Friday, November 11, 2005

Father Knows Best

I am always thrilled to tell people about my childhood. Not knowing any better, I lived my life much like the characters on Leave It To Beaver. It was not until Junior High that I discovered that not all mothers stayed at home while father went to work, that couples actually argued and fought and that not each street had a newspaper published by the neighbourhood kids. Shadylawn Court was the name of my street. It was just off Suburban Drive. I now realize it was one of the last bastions of suburbia. I no longer have the desire to live in suburbia, but it had its charms growing up.

People often disbelieve my tales of an idyllic childhood that included nightly games of hide and seek with groups of 20 or more kids (all within about 5 years of age) and a street where kids were welcome to come and go in the homes of their friends as if they were there own. Even more disbelieving for many is the fact that I was never subject to corporal punishment. My dad would occasionally grab for his belt or we may not get dessert, but that was about it. There was the occasional grounding as well, but that rarely stuck.

My dad was much more of a “mess with your head” type of guy. My siblings and I have all turned out to be upstanding members of society – one of us is even a policeman – but I was not without my challenges growing up. I would set my sister up to get blamed for things I did (who can forget Hair Gel gate) and just pester my brother for no good reason. If the tables were turned however, you better watch out, as I kid I did not believe in “you better be able to take what you dish out.” I could cross “the backseat line” and invade the space of my siblings, but I would scream blue murder if they did it back.

One evening on the way home from the grandparents, I was in fine provoking form. Having poked, prodded and pissed off my brother and sister I sat back to squeal as they retaliiated. My father calmly pulled over to the side of the Burlington Skyway, hauled me and Winnie the Pooh out of the backseat and asked if I would like to either walk home or be left on the side of the road. The effect was instantaneous. The tears poured forth and I begged to be let back in the car. Promises of obedience flowed. Winnie fell to the ground. He was on his own. Get your own damn lawyer! I sat silent and still as a statue all the way home wishing I hadn’t abandoned Winnie. He was next to me in bed when I awoke the next morning. If I’d known the bear could walk home (my mom told me he showed up in the night with sore little paws) I would have been more defiant and walked home too.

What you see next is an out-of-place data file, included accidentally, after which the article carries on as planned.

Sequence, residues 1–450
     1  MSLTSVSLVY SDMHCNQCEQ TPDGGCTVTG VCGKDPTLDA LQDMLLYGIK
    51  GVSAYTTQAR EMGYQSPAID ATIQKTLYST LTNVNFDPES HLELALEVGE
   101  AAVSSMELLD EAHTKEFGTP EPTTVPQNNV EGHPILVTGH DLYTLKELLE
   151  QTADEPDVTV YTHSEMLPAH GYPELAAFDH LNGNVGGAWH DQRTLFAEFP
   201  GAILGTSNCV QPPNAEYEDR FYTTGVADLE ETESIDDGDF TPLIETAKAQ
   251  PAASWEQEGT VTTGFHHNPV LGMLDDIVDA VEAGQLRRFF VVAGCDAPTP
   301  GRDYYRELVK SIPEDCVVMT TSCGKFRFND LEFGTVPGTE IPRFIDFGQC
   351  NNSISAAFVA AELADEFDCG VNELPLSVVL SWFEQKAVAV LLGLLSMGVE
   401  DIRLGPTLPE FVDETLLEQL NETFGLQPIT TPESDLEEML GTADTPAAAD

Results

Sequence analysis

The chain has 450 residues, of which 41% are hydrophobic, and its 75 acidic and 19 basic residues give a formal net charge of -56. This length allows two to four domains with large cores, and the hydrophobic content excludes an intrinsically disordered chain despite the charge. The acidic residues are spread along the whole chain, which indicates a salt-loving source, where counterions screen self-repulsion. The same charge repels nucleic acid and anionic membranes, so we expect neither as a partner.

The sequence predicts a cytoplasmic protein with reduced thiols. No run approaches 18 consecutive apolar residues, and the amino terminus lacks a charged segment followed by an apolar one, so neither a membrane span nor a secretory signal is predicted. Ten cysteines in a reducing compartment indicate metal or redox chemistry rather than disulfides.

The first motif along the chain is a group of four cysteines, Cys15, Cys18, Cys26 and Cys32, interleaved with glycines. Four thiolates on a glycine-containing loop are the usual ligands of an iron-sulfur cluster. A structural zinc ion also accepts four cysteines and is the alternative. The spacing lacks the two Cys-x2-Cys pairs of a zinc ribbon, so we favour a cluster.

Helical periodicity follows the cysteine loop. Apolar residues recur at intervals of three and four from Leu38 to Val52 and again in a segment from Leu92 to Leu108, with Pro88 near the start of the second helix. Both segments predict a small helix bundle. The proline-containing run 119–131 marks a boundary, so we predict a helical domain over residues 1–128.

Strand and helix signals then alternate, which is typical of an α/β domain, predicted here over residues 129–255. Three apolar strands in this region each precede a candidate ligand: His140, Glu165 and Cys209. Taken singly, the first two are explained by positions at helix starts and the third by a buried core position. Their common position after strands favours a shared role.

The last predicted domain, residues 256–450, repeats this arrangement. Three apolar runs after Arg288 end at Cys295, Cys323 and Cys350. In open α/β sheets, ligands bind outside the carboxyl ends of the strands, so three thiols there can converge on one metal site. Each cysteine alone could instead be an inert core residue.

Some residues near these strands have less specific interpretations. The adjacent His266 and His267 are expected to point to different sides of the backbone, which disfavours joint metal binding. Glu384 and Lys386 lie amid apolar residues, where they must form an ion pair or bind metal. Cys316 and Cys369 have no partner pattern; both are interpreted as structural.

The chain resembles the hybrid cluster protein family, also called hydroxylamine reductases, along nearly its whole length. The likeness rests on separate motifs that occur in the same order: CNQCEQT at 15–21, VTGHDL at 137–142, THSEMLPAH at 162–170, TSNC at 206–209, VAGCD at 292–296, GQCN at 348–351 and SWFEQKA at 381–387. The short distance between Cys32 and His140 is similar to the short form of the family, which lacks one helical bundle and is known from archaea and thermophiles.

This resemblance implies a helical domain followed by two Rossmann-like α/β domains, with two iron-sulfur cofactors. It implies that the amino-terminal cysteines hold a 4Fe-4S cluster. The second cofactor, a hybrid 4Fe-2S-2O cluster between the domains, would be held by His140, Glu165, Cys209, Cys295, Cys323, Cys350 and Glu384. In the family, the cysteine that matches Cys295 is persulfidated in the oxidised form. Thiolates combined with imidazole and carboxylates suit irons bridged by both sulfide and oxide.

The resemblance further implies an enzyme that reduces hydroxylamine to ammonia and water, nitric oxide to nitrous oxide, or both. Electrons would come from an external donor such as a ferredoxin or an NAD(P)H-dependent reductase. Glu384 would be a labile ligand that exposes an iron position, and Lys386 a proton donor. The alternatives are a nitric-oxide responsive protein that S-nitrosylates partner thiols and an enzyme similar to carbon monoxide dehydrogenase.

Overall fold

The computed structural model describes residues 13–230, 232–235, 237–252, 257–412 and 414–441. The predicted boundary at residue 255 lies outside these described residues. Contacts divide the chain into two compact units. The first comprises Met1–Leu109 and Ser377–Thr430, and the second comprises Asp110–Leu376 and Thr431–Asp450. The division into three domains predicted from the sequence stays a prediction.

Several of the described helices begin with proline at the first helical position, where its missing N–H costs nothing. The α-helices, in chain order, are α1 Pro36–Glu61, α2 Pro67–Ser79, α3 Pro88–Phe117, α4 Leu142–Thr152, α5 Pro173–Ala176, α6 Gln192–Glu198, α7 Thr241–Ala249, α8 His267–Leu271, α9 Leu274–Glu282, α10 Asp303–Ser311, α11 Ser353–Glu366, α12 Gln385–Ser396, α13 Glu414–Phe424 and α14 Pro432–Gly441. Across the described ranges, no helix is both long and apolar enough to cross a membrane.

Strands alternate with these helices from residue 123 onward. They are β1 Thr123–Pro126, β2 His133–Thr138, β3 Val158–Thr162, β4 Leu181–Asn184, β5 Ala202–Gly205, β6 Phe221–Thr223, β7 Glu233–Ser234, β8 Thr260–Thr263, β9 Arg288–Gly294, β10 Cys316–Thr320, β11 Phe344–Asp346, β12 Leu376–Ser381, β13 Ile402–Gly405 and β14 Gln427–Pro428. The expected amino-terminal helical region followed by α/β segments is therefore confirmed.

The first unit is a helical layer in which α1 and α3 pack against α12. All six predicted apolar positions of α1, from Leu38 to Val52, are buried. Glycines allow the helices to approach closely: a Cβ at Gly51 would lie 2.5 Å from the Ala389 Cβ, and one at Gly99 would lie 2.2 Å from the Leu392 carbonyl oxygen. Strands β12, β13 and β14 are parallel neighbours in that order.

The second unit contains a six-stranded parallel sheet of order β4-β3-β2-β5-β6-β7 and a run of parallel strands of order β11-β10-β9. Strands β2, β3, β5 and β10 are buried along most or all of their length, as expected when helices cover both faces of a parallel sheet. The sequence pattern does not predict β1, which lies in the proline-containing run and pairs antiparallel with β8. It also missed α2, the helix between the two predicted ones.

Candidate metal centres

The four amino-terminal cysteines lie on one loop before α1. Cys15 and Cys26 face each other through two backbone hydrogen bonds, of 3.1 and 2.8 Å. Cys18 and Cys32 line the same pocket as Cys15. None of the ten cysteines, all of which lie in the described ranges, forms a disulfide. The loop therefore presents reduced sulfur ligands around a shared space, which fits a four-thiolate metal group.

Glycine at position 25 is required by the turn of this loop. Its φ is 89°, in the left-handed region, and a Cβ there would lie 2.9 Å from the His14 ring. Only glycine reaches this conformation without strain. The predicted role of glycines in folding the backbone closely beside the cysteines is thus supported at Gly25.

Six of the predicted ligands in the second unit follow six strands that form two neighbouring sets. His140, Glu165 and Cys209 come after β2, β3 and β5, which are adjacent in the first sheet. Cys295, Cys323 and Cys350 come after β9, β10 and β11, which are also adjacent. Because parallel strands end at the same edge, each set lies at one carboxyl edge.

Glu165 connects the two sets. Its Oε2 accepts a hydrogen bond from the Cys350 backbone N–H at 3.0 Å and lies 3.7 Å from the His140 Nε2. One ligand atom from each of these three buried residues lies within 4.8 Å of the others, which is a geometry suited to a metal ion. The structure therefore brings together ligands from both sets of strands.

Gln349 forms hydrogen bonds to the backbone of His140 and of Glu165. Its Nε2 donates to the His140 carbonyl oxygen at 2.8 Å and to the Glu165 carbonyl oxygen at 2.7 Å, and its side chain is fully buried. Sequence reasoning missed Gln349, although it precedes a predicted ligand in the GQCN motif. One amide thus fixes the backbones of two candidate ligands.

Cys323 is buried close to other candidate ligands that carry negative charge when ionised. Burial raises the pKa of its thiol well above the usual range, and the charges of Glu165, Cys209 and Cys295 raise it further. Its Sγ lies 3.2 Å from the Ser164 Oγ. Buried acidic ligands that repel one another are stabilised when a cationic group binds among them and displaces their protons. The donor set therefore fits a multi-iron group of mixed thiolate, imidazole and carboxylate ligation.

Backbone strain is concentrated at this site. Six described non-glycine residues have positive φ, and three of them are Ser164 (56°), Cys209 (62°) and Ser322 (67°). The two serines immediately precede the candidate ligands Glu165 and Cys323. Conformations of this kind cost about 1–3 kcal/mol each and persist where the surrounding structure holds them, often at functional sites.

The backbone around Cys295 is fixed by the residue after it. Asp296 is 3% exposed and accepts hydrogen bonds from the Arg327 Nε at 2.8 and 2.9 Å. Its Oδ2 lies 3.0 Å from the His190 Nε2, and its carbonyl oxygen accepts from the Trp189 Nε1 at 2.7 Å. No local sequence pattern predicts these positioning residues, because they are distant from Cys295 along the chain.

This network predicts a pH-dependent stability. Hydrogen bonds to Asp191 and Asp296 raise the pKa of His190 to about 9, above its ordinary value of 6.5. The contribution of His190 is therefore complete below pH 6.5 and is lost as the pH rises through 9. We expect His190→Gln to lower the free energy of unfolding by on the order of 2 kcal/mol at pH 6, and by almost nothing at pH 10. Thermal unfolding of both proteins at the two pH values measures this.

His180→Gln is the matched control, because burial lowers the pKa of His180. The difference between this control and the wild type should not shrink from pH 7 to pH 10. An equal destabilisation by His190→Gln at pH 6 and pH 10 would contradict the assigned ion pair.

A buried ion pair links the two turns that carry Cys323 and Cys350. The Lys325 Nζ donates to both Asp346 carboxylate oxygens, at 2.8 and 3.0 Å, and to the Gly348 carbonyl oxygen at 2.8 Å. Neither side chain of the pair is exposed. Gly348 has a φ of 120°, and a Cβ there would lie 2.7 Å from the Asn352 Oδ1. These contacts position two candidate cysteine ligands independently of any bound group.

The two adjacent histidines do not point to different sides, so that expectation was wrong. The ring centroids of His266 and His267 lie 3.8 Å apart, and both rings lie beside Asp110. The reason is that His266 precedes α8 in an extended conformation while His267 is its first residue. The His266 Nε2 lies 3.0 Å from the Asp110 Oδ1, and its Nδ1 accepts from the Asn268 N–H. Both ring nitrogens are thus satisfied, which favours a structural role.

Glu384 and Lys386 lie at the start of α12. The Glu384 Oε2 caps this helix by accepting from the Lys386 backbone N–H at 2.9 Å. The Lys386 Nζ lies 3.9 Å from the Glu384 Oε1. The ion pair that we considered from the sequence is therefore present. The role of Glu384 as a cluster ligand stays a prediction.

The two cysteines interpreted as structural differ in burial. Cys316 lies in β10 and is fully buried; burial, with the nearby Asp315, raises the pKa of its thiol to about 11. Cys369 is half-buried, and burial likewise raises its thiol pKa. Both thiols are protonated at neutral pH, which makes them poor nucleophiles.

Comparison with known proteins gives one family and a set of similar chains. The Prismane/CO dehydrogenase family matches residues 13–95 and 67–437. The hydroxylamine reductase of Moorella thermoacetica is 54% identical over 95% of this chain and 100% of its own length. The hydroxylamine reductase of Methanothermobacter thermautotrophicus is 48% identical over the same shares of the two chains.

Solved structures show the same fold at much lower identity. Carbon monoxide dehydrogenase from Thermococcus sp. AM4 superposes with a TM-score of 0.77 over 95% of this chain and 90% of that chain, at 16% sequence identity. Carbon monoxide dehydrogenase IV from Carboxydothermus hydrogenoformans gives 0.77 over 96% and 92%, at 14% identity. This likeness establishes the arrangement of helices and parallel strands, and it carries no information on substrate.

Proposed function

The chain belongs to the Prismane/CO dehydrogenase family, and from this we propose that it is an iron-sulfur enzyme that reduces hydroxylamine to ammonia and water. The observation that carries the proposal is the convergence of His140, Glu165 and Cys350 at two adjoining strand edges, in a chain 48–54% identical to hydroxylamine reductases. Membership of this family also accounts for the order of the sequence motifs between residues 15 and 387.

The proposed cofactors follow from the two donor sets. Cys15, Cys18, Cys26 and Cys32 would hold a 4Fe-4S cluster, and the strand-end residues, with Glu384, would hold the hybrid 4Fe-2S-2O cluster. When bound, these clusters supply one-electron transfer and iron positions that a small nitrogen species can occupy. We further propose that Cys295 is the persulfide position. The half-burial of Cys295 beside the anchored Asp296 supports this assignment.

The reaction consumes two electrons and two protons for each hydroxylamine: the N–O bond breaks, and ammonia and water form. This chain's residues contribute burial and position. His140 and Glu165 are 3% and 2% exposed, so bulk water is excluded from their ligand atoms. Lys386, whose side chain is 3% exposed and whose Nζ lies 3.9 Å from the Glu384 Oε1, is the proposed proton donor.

Now, I was not alone in provoking my parents. Another trip found us coming home from visiting relatives late one night. Non-stop caterwauling came from all three of the Mitchell spawn. Again, calm as can be, my dad pulled over and ran into a cornfield. Not to be outdone, my mother turned to us and said “now you’ve done it, you made your father leave.” After a pause filled with nothing but deafly silence, tears rolled down our little cheeks (we liked to stir the pot, but we were still cute) and we asked our mother what it was we could do to make dad come back. In a few minutes, he returned to a car filled with silent children. Turns out, he had just stopped to pee and mother made the most of the situation. And we thought we were so smart.


Blogger Kathleen Callon said...

I know exactly how you feel. I had a Little House on the Prairie kind of life. I'm one of six, and my mom is still a stay at home mom, and my Dad still sneaks grabs at her butt when he thinks no one is looking. I never worried about them splitting, grew up with a treefort my dad helped us build with a bunch of 2x4s and not enough plywood. As a kid, a dozen or two of us would get together and play War or Cowboys and Indians in the woods, or we'd play football or go sledding in a field. Can't tell you how many times I fell out of trees while having snowball and chesnut fights with my brothers and friends... sorry for rambling, but we're lucky, very lucky. Peace.


4:49 PM  

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